Target sodium levels vary based on age, co-existing health conditions, ethnicity, and gender. Consult with a health care provider to find an ideal target, which may range from 1,500 to 2,300 milligrams each day.28 Ninety percent of the population overconsumes sodium, with an average intake of 3,592 milligrams each day.29 For individuals struggling with hypertension, high amounts of sodium contribute to excess fluid in the body and makes it harder for the heart to maintain optimal blood flow—increasing the risk for cardiovascular problems.


Interindividual variation in the response to diet is common, but the underlying mechanism for such variation is unclear.
The objective of this study was to use a metabolic profiling approach to identify a panel of urinary metabolites representing individuals demonstrating typical (homogeneous) metabolic responses to healthy diets, and subsequently to define the association of these metabolites with improvement of risk factors for cardiovascular diseases (CVDs).
24-h urine samples from 158 participants with pre-hypertension and stage 1 hypertension, collected at baseline and following the consumption of a carbohydrate-rich, a protein-rich, and a monounsaturated fat–rich healthy diet (6 wk/diet) in a randomized, crossover study, were analyzed by proton (1H) nuclear magnetic resonance (NMR) spectroscopy. Urinary metabolite profiles were interrogated to identify typical and variable responses to each diet. We quantified the differences in absolute excretion of metabolites, distinguishing between dietary comparisons within the typical response groups, and established their associations with CVD risk factors using linear regression.
Globally all 3 diets induced a similar pattern of change in the urinary metabolic profiles for the majority of participants (60.1%). Diet-dependent metabolic variation was not significantly associated with total cholesterol or low density lipoprotein (LDL) cholesterol concentrations. However, blood pressure (BP) was found to be significantly associated with 6 urinary metabolites reflecting dietary intake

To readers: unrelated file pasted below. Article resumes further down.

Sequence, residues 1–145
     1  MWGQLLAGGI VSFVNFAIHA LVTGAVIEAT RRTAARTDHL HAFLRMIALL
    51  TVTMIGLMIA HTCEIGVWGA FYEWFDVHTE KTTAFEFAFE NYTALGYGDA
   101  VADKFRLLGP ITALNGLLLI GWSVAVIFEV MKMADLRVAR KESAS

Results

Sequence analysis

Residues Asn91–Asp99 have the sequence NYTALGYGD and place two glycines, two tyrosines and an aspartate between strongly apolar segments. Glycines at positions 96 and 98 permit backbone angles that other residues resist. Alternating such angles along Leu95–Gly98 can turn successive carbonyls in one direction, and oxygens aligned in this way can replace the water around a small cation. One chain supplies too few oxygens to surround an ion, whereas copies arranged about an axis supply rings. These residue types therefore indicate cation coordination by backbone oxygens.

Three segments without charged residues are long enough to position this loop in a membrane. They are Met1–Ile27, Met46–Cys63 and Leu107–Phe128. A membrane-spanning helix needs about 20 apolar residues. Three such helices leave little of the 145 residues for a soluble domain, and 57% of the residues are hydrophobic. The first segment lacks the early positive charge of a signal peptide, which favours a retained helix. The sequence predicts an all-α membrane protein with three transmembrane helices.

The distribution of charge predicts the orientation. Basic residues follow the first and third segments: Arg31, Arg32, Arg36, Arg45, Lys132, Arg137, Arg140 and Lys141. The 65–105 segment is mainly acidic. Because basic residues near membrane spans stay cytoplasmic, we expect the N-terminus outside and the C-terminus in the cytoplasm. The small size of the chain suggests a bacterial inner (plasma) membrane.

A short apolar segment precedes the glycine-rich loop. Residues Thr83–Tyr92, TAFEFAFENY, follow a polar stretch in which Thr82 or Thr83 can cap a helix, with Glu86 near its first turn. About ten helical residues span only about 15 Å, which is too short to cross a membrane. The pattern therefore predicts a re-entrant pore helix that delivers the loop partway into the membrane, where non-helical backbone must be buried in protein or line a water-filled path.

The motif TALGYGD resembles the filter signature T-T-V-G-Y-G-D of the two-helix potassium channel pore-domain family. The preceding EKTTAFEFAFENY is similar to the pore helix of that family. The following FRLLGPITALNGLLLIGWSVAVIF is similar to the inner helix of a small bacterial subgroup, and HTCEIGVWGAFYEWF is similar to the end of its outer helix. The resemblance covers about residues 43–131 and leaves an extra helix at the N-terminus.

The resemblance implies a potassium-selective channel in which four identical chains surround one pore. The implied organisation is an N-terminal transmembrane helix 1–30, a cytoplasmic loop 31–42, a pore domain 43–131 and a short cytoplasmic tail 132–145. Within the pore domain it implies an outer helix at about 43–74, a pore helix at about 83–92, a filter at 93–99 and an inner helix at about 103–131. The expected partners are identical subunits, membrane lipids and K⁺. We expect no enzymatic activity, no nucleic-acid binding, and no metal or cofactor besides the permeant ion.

[proline-betaine (inverse), carnitine (direct)], gut microbial co-metabolites [hippurate (direct), 4-cresyl sulfate (inverse), phenylacetylglutamine (inverse)], and tryptophan metabolism [N-methyl-2-pyridone-5-carboxamide (inverse)]. A dampened clinical response was observed in some individuals with variable metabolic responses, which could be attributed to nonadherence to diet (≤25.3%), variation in gut microbiome activity (7.6%), or a combination of both (7.0%).
These data indicate interindividual variations in BP in response to dietary change and highlight the potential influence of the gut microbiome in mediating this relation. This approach provides a framework for stratification of individuals undergoing dietary management. The original OmniHeart intervention study and the metabolomics study were registered at as NCT00051350 and NCT03369535, respectively.References

Fang J, Cogswell ME, Park S, Jackson S, Odom E. Sodium intake among U.S. adults—26 states, the District of Columbia, and Puerto Rico, 2013. MMWR, 64;695-698.
29. Yang Q, Liu T, Kuklina EV, et al. Sodium and potassium intake and mortality among US adults: prospective data from the Third National Health and Nutrition Examination Survey. JAMA Intern Med. 2011;171:1183-1191.